Character is King

character-education

It cannot be overstated how pivotal character is to achieving success in life. Character is the fibre of a person; what they are made of. It starts with integrity, which I define as a state of wholeness that a person is able to occupy with their being. Other important qualities of a strong character are honesty, courage, a service orientation, and having the resilience to endure the tough times that life invariably presents to each of us. One of the key qualities that I think distinguishes people who have a high character is that they are thick skinned, and don’t allow others perceptions or judgements to define them. Having a solid sense of self and their place in the world, they are capable of listening to the input of others, and criticism, without feeling the need to go on the defensive or attack others in an attempt to save face. Making decisions with the objective of doing what is right in the circumstances, they know that their decisions will not always be popular with some people, and rather than fighting against this reality, they embrace it and use it as an opportunity for dialogue and bringing people together, so that greater strides in a purposeful direction can be made with the group that surrounds them.

To people who truly have a high character, possessing a strong reputation does not matter as much as it does to individuals who have a weaker character. A reputation is what someone is known for. It is the image that the external world has of who a person is. In most instances it is earned, but in other instances it is not, because despite of the behaviour on which a reputation is based, that reputation is also shaped by how that behaviour is perceived through the eyes of others. A reputation can also be distorted when the observer falsely assumes that the way a person does some things is the way that they do all things.

The lesson that a person of character takes from this is that it would be unwise to allow a reputation to define them. Where they then focus their energy is on the inside out process of developing their character, and allowing the external manifestations of that character to say to the world what it will. This doesn’t mean that they don’t have to be mindful of the impact that their behaviour has on their external environment. They do, and in any event, they possess this awareness and put it into practice as they navigate a way forward. The trap that they don’t fall into however is the one that many of us do, in giving our energy to creating an image or reputation that is consistent with how we want to world to see us.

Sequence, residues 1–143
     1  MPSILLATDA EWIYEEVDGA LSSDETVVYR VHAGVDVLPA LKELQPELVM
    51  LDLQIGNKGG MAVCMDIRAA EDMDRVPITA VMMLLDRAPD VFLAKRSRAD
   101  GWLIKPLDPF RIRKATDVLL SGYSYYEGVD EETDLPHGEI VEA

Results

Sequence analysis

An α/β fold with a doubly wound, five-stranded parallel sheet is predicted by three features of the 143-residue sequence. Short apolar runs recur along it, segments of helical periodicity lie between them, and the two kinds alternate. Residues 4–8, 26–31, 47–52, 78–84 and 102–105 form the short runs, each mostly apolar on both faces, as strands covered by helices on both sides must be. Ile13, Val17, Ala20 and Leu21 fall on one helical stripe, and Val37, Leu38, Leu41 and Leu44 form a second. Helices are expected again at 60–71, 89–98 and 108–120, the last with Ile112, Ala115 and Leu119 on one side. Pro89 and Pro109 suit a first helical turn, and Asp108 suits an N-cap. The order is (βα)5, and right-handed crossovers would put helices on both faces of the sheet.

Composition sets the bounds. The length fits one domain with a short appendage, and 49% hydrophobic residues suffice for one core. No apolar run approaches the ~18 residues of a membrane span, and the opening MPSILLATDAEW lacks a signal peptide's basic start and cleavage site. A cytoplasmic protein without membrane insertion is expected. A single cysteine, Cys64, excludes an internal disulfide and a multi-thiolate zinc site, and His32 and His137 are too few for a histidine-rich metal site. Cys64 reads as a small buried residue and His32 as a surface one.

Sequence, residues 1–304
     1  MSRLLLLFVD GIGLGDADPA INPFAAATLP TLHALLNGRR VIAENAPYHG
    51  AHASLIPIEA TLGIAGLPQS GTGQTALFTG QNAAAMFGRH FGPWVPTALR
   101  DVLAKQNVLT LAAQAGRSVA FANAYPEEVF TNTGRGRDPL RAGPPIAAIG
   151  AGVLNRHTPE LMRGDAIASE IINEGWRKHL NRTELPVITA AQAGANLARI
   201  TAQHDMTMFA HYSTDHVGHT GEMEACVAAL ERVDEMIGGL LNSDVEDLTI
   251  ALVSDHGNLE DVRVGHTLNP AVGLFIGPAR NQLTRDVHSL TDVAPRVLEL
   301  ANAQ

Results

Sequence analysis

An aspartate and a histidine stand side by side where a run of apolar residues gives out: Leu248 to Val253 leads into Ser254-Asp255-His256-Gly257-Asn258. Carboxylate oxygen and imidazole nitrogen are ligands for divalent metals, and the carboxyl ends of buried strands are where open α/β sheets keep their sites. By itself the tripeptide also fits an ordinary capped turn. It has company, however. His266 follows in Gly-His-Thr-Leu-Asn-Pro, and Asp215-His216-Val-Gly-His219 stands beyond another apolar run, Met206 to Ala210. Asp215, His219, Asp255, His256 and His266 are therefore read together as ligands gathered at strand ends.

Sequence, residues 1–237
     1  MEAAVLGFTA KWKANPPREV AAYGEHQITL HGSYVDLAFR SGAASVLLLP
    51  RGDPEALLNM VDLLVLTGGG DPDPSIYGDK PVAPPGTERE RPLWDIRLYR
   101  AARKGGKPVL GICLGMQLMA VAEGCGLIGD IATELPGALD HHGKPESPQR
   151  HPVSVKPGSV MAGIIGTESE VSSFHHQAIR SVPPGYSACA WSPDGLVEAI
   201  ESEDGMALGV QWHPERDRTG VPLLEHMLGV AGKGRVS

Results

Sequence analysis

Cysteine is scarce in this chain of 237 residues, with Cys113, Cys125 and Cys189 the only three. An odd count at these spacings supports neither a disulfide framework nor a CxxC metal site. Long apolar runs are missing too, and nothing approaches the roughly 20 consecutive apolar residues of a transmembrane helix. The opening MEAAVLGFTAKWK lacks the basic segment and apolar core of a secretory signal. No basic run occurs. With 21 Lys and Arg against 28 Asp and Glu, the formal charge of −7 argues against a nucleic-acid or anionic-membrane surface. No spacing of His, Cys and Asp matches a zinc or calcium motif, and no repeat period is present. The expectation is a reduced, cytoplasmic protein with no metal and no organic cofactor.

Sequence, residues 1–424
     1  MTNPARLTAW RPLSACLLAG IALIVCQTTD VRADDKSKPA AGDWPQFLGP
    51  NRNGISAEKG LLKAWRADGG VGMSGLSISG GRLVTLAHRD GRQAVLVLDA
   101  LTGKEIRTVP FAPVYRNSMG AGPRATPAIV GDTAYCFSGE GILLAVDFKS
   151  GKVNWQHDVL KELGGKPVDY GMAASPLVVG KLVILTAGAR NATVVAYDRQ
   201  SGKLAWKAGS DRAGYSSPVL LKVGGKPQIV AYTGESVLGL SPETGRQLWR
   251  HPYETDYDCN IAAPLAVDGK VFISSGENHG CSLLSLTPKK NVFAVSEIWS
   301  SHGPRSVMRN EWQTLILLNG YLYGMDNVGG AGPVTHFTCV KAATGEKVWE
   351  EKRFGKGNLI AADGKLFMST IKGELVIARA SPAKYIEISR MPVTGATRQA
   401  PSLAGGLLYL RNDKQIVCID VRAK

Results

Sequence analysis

As a population, we care way too much about what other people think of us, and rather than put our true selves forward in a fearless way, we present ourselves to others in an artificial light, primarily in order to gain the recognition or approval of others. The way that social media is often used illustrates this point well. Rather than posting something truly meaningful in our life as an update on Facebook, for example, we choose to post details of the most exciting part of our day, so that our friends might think that we have a life worth envying, or upload a selfie that took us fifteen tries to get us looking good!

None of these things matter in terms of building character, and engaging in this surface dressing of life will do nothing to improve the quality of the human condition when we most need it. What is required to make this world one that we want to live in, is people who have the will to look into the mirror, not to quaff their hair or cover up blemishes, but to examine their character and do the work to iron it out. When I look in the mirror, I see someone with so much to work on, that it could easily be questioned, who am I to be giving this advice? The most important thing though is that I am open and engaged in the process of becoming more integrated and fully human. If you are reading this, the chances are that you are similarly inclined, and I honour the progress that you are making on this front.

One of the best mantras concerning this notion of being detached from your reputation comes from Wayne Dyer when he said, “What other people think of you is none of your business”. There is great wisdom in this. When we make our business the highest development of our character, then our reputation will take care of itself.

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